Ukraine is voting in the first round of presidential elections with current leader Petro Poroshenko seeking re-election but the surprise front-runner is a comedian, Volodymyr Zelenskiy.
Petro Poroshenko and Volodymyr Zelenskiy, along with former PM Yulia Tymoshenko, have expressed largely pro-European views during campaigning.
None of the pro-Russian candidates are seen as serious contenders.
If no candidate gets more than 50% on March 31, the top two will fight it out in a second round on April 21.
A total of 39 candidates are on the ballot paper, but only the three front-runners are considered to have any chance of victory.
President Poroshenko has significant powers over security, defense and foreign policy and the ex-Soviet republic’s system is described as semi-presidential.
The current leader, one of Ukraine’s wealthiest oligarchs, was elected in a snap vote after former pro-Russian President Viktor Yanukovych was toppled in the February 2014 Maidan Revolution, which was followed by Russia’s annexation of Crimea and a Russian-backed insurgency in the east.
The next president will inherit a deadlocked conflict between Ukrainian troops and Russian-backed separatists in the east, while Ukraine strives to fulfill EU requirements for closer economic ties.
The EU says that about 12% of Ukraine’s 44 million people are disenfranchised, largely those who live in Russia and in Crimea, which Russia annexed in March 2014.
Separatist-controlled areas are boycotting the election.
Volodymyr Zelenskiy, 41, is aiming to turn his satirical TV show – in which he portrays an ordinary citizen who becomes president after fighting corruption – into reality.
He has done no rallies and few interviews, and appears to have no strong political views apart from a wish to be new and different.
The comedian’s extensive use of social media appeals to younger voters.
Volodymyr Zelenskiy’s readiness to speak both Russian and Ukrainian, at a time when language rights are a hugely sensitive topic, has gained him support in Ukraine’s largely Russian-speaking east.
Opinion polls suggest Volodymyr Zelenskiy will have a clear lead over Petro Poroshenko and Yulia Tymoshenko in the first round, and would retain it in a run-off against either of them.
Petro Poroshenko, 53, aims to appeal to conservative Ukrainians through his slogan “Army, Language, Faith”.
The current president says his backing for the military has helped keep the separatists in eastern Ukraine in check. He also negotiated an Association Agreement with the EU, including visa-free travel for Ukrainians. During his tenure the Ukrainian Orthodox Church has become independent of Russian control.
However, Poroshenko’s campaign has been dogged by corruption allegations, including a scandal over defense procurement, which erupted last month.
The third main contender is Yulia Tymoshenko, 58, who has served as prime minister and ran for president in 2010 and 2014. She played a leading role in the 2004 Orange Revolution, Ukraine’s first big push to ally itself with the EU.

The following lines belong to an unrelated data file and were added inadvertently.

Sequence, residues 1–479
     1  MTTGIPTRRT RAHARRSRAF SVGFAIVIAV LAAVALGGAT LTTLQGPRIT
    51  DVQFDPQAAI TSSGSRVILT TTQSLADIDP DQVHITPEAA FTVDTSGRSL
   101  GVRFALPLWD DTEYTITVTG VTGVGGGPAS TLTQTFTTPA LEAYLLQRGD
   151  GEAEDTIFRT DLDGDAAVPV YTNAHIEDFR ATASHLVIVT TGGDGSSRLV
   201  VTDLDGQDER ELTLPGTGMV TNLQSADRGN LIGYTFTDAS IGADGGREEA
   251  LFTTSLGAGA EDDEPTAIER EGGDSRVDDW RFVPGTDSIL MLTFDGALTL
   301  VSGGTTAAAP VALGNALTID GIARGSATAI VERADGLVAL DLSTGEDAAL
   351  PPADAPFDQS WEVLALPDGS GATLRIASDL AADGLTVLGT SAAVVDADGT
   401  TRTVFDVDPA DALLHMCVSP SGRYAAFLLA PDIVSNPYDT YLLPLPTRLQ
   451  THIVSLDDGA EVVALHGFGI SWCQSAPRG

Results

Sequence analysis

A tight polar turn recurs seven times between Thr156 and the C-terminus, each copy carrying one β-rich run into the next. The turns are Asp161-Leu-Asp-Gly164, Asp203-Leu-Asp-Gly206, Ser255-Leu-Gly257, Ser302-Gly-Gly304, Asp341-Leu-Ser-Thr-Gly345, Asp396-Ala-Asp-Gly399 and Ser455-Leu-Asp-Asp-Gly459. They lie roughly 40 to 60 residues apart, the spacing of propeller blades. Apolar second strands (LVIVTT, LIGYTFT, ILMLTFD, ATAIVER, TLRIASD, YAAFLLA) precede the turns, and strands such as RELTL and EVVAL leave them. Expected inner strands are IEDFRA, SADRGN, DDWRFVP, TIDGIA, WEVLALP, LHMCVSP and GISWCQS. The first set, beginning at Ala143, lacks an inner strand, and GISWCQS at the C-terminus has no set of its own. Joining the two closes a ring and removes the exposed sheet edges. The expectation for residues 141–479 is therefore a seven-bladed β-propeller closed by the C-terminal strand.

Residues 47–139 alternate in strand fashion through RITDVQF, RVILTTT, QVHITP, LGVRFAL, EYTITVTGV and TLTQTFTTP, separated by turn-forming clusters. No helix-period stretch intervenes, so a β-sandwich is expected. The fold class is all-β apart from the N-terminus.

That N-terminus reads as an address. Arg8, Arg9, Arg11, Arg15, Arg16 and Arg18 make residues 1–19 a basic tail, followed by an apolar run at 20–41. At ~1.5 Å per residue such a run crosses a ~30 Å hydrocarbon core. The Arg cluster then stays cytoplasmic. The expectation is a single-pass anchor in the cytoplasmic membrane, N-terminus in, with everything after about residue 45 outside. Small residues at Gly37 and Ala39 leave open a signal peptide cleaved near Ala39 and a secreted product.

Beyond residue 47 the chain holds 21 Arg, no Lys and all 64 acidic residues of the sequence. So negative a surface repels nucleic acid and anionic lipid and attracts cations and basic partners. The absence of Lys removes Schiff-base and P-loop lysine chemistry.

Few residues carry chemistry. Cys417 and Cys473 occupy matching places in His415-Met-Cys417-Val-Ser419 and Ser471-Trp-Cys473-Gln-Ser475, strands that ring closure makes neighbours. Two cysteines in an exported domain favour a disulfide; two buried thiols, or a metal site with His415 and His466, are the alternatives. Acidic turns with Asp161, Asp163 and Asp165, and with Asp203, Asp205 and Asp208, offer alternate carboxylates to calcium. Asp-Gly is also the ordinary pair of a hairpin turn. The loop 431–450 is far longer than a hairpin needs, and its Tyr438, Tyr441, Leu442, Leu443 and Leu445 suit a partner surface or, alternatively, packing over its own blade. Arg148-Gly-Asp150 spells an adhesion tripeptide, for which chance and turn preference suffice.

The front-runner among the pro-Russian candidates, Yuriy Boyko, says he would “normalize” relations with Russia.
Petro Poroshenko has claimed outright victory in Ukraine’s presidential election.
Billionaire Petro Poroshenko, known as the “chocolate king”, won more than 55% of the vote in the first round, exit polls suggest.
Announcing he had won, the 48-year-old businessman promised to forge closer links with the EU and restore peace in restive eastern regions.
Pro-Russian separatists severely disrupted voting there. Some 20 people have died in fighting in recent days.
No polling stations were open in Donetsk city, and across the region only seven out of 12 district electoral commissions were operating. The separatists are in control of large areas of the Donestk and Luhansk regions.
Four hours before polls closed, at 16:00, unofficial estimates put the turnout nationwide at 45%.
Petro Poroshenko has claimed outright victory in Ukraine’s presidential election
Addressing supporters in Kiev, Petro Poroshenko said he would support a parliamentary election later this year.
He also said he would never recognize Russia’s “occupation of Crimea”, annexed by Moscow in March. Asked about relations with Russia, he said the “sovereignty and territorial integrity” of Ukraine mattered most to him.
Petro Poroshenko is the billionaire owner of the Roshen chocolates group, a TV station and several manufacturing plants.
President Barack Obama hailed the election as an “important step forward in the efforts of the Ukrainian government to unify the country”.
Sunday’s poll was called after President Viktor Yanukovych was deposed in February, amid mass protests against his pro-Russian policies.
Local elections were also held on Sunday in Ukraine. Former boxer Vitaliy Klitschko – again quoting exit polls – claimed he had been elected mayor of Kiev.